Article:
Read both these stories and go bang your head on a wall repeatedly.
But a commitment by European governments to budding clean-energy entrepreneurs is creating a more welcoming environment than in America, where erratic support and onerous financial rules have given pause to some start-ups and investors.
The nation’s demand for electricity is growing, and utilities want to build new power plants to satisfy that appetite. Most of those plants — perhaps as many as 150 — would burn coal.
Well, at least the coal rush is hitting a few hurdles. But even if half those plants don’t come about, that’s still 70+ coal fired power plants, nice!
The interesting part of the IHT story to me was this.
Venture capitalists and private equity investors in North America have been more bullish, providing $3.5 billion to clean-energy developers in 2006, roughly triple the amount raised in Europe, the Middle East and Africa, according to New Energy Finance, a research firm based in London.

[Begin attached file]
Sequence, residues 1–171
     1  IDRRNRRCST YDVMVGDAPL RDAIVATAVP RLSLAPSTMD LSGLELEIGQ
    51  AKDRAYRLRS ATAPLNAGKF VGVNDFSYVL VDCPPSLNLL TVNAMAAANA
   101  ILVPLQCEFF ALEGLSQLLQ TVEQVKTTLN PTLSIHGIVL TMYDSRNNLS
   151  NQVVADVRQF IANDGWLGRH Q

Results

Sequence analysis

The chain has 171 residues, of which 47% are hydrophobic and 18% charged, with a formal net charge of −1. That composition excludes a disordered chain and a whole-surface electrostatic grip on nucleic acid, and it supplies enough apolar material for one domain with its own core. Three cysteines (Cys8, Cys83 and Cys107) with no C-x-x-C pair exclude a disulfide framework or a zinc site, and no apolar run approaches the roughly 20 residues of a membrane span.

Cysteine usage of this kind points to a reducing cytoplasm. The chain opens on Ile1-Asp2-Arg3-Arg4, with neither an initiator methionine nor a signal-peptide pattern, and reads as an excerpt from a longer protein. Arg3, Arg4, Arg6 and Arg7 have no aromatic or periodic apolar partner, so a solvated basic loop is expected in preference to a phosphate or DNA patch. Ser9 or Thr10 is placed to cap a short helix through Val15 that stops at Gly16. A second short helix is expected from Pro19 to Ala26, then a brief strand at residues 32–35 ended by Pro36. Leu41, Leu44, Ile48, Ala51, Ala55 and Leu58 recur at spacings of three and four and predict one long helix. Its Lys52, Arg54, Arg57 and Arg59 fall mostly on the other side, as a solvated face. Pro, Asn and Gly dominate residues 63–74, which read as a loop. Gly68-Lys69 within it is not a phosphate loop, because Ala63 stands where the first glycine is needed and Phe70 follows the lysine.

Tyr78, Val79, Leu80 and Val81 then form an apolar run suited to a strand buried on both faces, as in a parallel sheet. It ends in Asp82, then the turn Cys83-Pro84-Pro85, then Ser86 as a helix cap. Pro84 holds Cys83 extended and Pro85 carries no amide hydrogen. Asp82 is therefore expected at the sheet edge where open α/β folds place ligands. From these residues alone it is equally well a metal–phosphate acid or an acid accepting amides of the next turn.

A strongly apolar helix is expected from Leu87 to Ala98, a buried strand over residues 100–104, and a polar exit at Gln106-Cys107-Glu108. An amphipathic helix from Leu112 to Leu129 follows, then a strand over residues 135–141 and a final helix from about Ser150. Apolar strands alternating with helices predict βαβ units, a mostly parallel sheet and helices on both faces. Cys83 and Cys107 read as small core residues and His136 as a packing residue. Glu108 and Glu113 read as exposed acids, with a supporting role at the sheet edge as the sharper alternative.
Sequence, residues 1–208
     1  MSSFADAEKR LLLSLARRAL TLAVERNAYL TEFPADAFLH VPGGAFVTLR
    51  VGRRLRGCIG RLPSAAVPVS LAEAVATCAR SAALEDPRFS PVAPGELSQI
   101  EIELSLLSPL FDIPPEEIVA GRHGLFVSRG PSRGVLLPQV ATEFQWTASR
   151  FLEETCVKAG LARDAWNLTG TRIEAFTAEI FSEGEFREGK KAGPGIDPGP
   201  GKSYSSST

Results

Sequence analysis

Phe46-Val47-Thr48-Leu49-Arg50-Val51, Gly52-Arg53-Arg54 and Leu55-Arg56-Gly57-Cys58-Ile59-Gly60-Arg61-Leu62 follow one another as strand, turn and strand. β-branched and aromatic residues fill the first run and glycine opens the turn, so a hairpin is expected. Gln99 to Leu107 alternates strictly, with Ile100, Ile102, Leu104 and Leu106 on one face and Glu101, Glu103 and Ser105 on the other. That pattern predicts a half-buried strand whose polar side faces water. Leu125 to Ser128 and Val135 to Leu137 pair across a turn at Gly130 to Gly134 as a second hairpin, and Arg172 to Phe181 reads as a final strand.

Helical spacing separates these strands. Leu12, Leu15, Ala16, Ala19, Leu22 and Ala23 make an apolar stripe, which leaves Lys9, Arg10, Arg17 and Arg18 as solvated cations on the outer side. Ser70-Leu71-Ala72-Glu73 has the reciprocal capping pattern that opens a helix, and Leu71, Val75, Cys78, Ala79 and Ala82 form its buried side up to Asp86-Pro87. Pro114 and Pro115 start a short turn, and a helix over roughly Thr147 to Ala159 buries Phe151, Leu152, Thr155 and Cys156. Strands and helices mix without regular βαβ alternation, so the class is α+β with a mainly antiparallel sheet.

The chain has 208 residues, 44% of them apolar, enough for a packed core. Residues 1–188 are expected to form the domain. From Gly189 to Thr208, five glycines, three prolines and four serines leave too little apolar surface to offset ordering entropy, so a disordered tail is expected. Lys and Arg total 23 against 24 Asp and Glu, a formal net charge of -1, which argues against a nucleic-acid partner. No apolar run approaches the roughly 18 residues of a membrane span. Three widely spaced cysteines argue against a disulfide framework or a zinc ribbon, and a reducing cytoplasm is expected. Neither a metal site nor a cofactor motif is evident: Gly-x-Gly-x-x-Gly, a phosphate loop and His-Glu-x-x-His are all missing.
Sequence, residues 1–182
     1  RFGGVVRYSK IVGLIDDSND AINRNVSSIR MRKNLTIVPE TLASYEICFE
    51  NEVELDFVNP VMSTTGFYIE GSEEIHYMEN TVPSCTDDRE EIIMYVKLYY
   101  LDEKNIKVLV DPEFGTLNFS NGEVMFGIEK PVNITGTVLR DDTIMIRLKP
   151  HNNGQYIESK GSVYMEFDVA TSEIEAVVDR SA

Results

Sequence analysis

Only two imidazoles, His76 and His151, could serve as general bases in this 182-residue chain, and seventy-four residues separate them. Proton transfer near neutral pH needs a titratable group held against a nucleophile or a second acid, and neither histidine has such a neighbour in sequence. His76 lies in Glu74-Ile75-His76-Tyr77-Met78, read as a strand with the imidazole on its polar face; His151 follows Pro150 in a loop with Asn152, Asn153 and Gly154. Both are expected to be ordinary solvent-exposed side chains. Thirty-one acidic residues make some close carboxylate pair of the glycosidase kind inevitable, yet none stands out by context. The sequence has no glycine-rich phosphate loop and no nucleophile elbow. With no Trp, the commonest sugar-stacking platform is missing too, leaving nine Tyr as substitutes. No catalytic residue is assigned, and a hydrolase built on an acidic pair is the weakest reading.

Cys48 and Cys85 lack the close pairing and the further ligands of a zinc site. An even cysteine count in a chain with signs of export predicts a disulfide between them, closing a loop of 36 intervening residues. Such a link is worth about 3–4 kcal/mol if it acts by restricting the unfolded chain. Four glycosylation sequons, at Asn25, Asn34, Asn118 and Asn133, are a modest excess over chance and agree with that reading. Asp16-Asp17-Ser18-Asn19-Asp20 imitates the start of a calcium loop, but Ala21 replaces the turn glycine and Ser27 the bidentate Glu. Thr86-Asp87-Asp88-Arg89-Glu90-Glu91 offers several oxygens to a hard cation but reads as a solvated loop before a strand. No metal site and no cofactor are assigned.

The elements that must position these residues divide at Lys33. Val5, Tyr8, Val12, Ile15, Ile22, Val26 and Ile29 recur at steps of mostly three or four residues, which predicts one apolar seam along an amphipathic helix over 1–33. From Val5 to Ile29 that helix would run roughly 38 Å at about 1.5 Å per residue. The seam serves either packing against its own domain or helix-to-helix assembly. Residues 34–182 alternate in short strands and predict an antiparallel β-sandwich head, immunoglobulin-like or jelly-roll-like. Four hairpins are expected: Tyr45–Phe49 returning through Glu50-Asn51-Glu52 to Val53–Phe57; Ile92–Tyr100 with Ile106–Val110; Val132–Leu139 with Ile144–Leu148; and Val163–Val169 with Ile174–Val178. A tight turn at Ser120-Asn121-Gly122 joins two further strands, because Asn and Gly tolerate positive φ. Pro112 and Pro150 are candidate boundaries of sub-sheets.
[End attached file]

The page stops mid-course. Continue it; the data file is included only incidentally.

So, if the US had the right incentives, Americans would be investing there, creating jobs there, improving infrastructure there instead of in Europe. I guess those very “patriotic” American lawmakers don’t think that far ahead. Note also that all the tax cuts to wealthy Americans leaves a lot of cash floating around for them to invest in projects in other parts of the world. These are investments the US won’t reap a benefit on as a country, or create jobs for the working proletariat – Nice tax cuts, more patriotism, I guess. Such a poor return on investment on these tax cuts.